5. Production costs When quarantine pests of importance affect the crop, the costs incurred in eradication and or prevention of spread of a pest within the island or to the neighbouring island cultivating the same crop and management of a pest, are considered as critical in the Small Island Developing States as all crop production inputs are imported to the region.
6. Foreign Trade / Exports Since the region has rich diversity and unique environment to produce high value crops that fetch good price at the international market through foreign trade, the entry of quarantine pests of such high-value crops (cocoa, spices, hot pepper) could destroy the industry. Hence, the quarantine pest and its impact on foreign trade was included in the selection criteria to prioritise the pest list.
7. Public Costs When quarantine pests affecting the high-value crops or tourism industry, the governments would have to put forth the measures at community level supporting the farmers/producers through incentives, supply of chemical inputs etc. In this case, the spending of the public costs would be determined by the nature of quarantine pests. Hence, the reason for inclusion of the criterion in selection of pest list.

Since each country is unique, the criteria in one country could be more important than in another. Each criterion was, therefore, assigned a set of weights. A pair-wise comparison matrix was developed and each criterion was weighted relevant to the other. This process provided the judgements required to develop the matrices. Each criterion was compared with another criterion using a rating scale from 1 to 9 and weightage was developed as presented in Tables 3, 4 and 5 and Fig. 1. The process of identifying a prioritised pest list for the Caribbean using AHP was conducted by the Technical Committee in Tobago in 2014 and in Trinidad in 2018. The process was intensive and systematic with face-to-face sessions.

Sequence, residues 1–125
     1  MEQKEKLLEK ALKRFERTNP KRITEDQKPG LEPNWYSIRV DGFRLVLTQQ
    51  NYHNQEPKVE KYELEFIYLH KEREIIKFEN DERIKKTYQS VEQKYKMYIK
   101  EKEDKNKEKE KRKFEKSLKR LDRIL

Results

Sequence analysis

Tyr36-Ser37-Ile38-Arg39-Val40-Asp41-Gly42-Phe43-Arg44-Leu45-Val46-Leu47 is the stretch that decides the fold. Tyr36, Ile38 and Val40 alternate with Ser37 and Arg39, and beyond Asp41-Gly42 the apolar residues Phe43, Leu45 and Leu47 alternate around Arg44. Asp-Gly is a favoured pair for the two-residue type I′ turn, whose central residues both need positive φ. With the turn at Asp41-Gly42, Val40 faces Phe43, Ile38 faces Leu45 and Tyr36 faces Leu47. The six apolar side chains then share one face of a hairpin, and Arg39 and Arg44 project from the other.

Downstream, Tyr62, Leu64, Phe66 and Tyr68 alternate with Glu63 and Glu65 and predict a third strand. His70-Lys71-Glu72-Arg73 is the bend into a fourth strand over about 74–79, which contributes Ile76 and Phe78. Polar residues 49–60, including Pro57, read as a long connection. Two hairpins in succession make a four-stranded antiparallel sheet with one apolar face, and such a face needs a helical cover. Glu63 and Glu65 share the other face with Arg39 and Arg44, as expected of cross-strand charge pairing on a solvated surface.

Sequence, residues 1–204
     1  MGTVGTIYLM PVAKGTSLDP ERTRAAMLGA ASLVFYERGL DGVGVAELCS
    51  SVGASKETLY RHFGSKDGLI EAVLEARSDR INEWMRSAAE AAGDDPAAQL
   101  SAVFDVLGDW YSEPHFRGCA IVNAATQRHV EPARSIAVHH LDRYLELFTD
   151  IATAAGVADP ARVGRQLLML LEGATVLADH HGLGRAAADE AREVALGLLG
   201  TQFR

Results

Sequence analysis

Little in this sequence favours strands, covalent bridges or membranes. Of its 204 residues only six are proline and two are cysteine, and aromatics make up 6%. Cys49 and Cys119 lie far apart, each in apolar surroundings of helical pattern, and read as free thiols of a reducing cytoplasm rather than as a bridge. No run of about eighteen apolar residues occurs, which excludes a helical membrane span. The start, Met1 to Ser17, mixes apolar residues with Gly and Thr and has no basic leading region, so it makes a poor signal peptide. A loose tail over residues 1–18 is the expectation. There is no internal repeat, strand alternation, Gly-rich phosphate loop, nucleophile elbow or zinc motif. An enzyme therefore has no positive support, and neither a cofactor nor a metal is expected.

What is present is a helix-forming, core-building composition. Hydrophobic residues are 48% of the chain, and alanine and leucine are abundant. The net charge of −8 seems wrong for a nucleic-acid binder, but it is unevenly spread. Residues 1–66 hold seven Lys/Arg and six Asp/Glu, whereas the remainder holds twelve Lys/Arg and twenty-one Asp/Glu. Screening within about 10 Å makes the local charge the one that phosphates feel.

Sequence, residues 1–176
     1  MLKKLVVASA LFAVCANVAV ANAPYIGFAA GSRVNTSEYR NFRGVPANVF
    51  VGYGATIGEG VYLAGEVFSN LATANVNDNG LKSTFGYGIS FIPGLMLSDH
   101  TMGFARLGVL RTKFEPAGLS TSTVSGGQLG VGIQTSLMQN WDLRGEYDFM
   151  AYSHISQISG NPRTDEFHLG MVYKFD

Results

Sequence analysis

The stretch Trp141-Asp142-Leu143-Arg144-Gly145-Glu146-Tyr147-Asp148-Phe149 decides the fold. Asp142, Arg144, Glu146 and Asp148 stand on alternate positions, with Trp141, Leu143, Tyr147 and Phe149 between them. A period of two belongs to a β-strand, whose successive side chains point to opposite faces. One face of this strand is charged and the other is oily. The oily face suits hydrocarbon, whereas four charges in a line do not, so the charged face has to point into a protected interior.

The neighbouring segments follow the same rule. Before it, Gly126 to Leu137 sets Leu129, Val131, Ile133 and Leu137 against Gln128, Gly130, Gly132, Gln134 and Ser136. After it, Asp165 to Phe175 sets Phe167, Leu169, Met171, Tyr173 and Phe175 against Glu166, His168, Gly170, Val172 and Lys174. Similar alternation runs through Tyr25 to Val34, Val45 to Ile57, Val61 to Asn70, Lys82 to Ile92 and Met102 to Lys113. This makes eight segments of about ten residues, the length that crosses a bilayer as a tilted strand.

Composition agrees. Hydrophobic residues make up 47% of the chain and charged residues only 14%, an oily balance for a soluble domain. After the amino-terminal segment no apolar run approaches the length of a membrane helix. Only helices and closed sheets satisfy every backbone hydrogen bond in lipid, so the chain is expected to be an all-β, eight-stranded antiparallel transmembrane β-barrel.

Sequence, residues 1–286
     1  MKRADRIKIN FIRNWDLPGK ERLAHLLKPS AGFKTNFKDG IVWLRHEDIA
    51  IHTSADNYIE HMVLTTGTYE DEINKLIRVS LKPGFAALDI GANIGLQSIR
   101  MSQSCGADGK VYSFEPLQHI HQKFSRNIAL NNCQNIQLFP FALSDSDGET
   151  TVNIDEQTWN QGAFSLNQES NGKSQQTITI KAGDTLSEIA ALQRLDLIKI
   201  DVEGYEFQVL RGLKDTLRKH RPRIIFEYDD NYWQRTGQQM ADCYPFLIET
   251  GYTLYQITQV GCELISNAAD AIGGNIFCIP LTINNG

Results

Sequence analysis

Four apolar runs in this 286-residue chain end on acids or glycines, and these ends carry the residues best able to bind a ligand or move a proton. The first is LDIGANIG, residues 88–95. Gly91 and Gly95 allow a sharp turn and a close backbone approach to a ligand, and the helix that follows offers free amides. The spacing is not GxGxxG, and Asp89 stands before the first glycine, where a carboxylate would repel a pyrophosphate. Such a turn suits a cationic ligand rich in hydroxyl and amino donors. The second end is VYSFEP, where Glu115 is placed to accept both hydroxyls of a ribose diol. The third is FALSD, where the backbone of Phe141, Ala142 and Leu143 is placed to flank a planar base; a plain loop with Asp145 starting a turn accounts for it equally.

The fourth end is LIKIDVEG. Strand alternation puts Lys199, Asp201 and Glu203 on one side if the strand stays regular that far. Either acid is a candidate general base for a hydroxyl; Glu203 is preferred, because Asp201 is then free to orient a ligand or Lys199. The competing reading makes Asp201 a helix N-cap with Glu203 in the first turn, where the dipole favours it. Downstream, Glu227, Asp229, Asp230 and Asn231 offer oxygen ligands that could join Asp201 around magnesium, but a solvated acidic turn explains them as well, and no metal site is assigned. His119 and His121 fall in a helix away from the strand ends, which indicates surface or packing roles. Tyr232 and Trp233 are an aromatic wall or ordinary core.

Figure 1.

Percentage of weight assigned to criteria, based on the importance of problem.

Table 3.

Scale of importance for pairwise comparison of criteria set for prioritising pest list.

Intensity of importance Definition Explanation
1 Equal importance Two elements contribute equally to the objective
3 Moderate importance Experience and judgement slightly favour one element over another
5 Strong importance Experience and judgement moderately favour one element over another
7 Very strong importance One element is favoured very strongly over another, its dominance is demonstrated in practice
9 Extreme importance The evidence favouring one element over another is of the highest possible order of affirmation